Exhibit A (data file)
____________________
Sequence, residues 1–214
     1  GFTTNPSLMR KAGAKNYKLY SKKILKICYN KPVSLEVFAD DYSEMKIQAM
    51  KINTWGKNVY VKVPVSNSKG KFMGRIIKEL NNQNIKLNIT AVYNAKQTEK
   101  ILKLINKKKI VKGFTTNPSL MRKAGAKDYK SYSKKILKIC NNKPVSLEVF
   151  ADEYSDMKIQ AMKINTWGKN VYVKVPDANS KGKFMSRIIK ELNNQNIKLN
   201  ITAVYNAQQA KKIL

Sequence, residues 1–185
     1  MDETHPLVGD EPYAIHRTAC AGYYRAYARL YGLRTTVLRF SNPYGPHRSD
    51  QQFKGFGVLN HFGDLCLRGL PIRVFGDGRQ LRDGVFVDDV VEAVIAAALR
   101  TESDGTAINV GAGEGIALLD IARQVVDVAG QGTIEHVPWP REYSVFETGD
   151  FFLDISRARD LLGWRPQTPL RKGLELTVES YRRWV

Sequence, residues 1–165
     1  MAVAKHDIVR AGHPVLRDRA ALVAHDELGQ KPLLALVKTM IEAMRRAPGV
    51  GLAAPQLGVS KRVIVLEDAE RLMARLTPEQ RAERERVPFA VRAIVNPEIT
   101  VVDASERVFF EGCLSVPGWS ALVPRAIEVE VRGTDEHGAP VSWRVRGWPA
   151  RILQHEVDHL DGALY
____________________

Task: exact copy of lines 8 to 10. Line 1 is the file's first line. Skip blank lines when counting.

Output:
     1  MDETHPLVGD EPYAIHRTAC AGYYRAYARL YGLRTTVLRF SNPYGPHRSD
    51  QQFKGFGVLN HFGDLCLRGL PIRVFGDGRQ LRDGVFVDDV VEAVIAAALR
   101  TESDGTAINV GAGEGIALLD IARQVVDVAG QGTIEHVPWP REYSVFETGD